Senate Republicans on Tuesday revised their tax cut bill to include a repeal of Obamacare’s individual mandate — a bold move that frees up more money for deeper tax cuts and takes a whack at the health care law they have repeatedly tried but failed to repeal.
President Trump had been pushing the idea for weeks, eyeing the more than $300 billion in savings over the next decade that could be pumped into more tax cuts for average Americans.
Republican leaders on Capitol Hill had resisted, but with little hope of getting Democrats on board and looking to rally their own troops to pass the bill, the Senate’s top brass relented.
“We’re optimistic that inserting the individual mandate repeal would be helpful,” said Senate Majority Leader Mitch McConnell, Kentucky Republican.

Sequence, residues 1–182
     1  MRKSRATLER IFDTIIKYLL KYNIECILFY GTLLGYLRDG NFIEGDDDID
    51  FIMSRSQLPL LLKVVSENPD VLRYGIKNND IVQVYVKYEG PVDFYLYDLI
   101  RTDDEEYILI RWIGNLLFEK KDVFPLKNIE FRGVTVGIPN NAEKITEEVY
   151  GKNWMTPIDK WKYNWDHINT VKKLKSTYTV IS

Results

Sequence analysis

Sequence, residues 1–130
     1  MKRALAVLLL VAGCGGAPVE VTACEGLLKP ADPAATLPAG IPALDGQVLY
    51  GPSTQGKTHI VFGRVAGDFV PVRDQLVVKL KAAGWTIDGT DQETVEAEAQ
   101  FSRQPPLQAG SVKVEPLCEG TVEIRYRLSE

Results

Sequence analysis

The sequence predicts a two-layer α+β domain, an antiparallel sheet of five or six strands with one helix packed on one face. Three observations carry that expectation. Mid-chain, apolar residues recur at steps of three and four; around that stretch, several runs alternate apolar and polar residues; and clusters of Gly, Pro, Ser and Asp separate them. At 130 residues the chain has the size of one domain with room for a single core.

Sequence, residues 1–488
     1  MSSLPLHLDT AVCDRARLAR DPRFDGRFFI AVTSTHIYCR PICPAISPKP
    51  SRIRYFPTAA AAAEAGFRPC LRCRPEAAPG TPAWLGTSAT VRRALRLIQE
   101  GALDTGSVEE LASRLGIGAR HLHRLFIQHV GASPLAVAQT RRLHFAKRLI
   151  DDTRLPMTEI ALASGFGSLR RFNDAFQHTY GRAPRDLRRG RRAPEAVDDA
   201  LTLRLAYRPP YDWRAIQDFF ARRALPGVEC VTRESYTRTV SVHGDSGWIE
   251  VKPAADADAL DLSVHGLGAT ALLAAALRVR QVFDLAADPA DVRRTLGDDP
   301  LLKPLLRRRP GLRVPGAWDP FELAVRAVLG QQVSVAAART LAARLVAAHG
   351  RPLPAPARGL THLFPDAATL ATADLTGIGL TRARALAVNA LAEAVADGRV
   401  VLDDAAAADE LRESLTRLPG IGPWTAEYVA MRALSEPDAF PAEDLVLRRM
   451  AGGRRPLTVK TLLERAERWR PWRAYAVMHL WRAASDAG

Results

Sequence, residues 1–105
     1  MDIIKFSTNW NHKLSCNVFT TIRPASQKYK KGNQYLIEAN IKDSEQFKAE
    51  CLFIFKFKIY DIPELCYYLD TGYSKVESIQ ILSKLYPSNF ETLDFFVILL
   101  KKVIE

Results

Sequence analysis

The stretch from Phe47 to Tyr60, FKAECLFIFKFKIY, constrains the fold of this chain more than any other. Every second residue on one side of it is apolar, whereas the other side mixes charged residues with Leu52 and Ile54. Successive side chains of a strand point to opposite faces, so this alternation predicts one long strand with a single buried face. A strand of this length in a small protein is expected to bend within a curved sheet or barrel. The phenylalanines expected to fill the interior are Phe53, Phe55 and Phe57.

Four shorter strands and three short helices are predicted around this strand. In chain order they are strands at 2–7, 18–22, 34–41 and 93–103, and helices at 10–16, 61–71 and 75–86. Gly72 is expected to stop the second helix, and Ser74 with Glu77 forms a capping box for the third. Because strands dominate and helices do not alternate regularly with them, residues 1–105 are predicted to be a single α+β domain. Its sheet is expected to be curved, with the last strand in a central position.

Democrats blasted the move, saying it adds insult to an already injurious tax cut package that delivers most of its bang to businesses.
Insurers also objected, saying ending the Obamacare mandate will chase younger, healthy people out of the markets, leaving them with only older, sicker customers and thus ruin the economics of the 2010 health care law.
“Republicans just can’t help themselves. They’re so determined to provide tax giveaways to the rich that they’re willing to raise premiums on millions of middle-class Americans and kick 13 million people off their health care,” said Senate Minority Leader Charles E. Schumer, New York Democrat.
He predicted that the bill would sour more Americans on the Republicans’ plans.
But Republican leaders are counting on the move to win over wavering senators, saying the savings from nixing the mandate can be pumped back into even bigger tax cuts for the middle class.